Since there are so many manifestations of self, Mayhew’s exploration of it includes an understanding of the illusion of individual existence, and separateness from other aspects of creation. This is derived from non-dual, mystical, Eastern, and Native American meditative traditions. This idea of individual existence focuses on human beings, who must each fight for themselves in the world but who are ultimately unaware and unconscious of their true nature. The ego, in this instance, is often associated with the mind and a sense of time, and there is a strong necessity for this manifestation of self to be assured of its future existence, rather than simply knowing itself and the present.

When reflecting on “self as an activity,” Aristotle agreed with Plato on the definition of the soul as the core essence of a being but argued against its having a separate existence. For instance, if a knife had a soul, the act of cutting would be its soul, because cutting is the essence of what it is to be a knife. Unlike Plato and various religious traditions, Aristotle viewed the soul as an activity of the body, which cannot therefore be immortal because when a knife is destroyed the cutting stops. Perhaps, like Aristotle, Mayhew views the soul as the first activity of a living body, which helps clarify his definition of mood and spiritual painting as “an internal creative feeling I have when I am working, which unfolds as I paint.” Conversely, as Mayhew continues his exploration of self-purpose through making art, he also ventures to realize the self independently of the senses. The Persian physician and philosopher Avicenna wrote in his Floating Man experiment about human self–awareness and the substantiality of the soul.[i] In this situation, readers imagine themselves suspended in the air, isolated from all sensation, even from sensory contact with their own bodies. He argues that, in this scenario, one would still have self-consciousness and concludes that the idea of the self is not logically dependent on any physical thing; hence the soul should not be seen in relative terms, but as a primary given—a substance. Perhaps Mayhew’s internalization of self though artmaking can best be explained by René Descartes’s summation: ”I can abstract from the supposition of all external things, but not from the supposition of my own consciousness.”[ii]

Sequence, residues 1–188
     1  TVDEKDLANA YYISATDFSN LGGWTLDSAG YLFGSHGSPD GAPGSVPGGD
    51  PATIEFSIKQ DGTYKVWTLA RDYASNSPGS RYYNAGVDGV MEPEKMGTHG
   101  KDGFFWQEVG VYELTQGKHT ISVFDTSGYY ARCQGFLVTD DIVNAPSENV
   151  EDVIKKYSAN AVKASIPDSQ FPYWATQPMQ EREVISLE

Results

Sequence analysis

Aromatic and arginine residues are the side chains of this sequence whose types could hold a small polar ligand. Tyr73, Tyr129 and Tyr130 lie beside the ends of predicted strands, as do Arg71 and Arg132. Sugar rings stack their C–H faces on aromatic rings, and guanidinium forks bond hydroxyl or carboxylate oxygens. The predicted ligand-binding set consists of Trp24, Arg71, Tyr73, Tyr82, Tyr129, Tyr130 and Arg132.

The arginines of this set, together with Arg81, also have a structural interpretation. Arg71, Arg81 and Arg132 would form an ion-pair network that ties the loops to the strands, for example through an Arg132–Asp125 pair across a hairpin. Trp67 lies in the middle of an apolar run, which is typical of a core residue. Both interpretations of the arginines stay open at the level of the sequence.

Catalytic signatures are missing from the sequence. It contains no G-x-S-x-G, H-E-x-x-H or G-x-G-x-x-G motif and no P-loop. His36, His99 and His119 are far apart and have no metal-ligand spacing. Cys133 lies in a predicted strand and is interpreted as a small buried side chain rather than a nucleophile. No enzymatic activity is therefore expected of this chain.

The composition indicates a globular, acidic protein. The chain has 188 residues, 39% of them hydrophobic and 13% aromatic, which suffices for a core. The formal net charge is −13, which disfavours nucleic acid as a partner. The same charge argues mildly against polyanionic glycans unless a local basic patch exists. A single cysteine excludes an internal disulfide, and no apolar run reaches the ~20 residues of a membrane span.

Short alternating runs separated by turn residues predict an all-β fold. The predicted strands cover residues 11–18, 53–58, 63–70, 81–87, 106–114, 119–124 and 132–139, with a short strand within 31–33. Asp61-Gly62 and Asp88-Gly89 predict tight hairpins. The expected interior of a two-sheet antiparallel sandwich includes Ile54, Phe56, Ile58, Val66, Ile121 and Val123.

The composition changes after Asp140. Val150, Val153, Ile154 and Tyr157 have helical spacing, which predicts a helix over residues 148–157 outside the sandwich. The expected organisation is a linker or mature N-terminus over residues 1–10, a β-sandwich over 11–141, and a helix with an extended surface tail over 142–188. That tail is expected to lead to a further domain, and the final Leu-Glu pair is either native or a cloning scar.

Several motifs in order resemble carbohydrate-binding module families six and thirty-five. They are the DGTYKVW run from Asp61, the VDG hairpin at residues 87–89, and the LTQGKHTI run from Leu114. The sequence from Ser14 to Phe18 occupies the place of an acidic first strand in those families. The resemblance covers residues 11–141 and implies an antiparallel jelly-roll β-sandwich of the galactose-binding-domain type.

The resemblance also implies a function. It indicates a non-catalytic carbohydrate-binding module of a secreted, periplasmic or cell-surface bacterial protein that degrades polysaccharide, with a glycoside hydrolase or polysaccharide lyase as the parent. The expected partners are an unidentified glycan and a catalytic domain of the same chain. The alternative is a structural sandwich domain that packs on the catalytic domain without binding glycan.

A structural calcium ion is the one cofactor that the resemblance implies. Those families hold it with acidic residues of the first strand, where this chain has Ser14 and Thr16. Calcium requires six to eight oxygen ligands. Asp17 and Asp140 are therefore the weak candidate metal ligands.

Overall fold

It is inevitable for most human beings, and creative individuals in particular, to explore the self through inquiry. In Ramana Maharishi’s book Nan Yar (Who am I?) the inquiry into the source of the “I consciousness requires asking the question, “Who am I?” The source of “I” is the true self. And self itself is the world. Self itself is “I.” Self itself is God, and all is the Supreme Self. This aspect of Mayhew’s self-indulgence enables him to feel directly connected to the natural and cosmological world that we inhabit. He also believes passionately that people need to reconnect with nature as a means of being one with one another and the earth, in order to responsibly and ethically coexist. This belief exemplifies Mayhew’s relationship between human consciousness and the earth. It appears as if his indulgence of the self through spirit points to cosmological cycles that address relationships between man and self that parallel man’s with the earth, through the water, metal, fire, and wood that reside in Mayhew’s work. Mayhew’s landscapes enable viewers to travel within themselves to more reflective corners of their souls, while also making compelling visual statements about humanity’s need to reconnect with the physical health of the earth.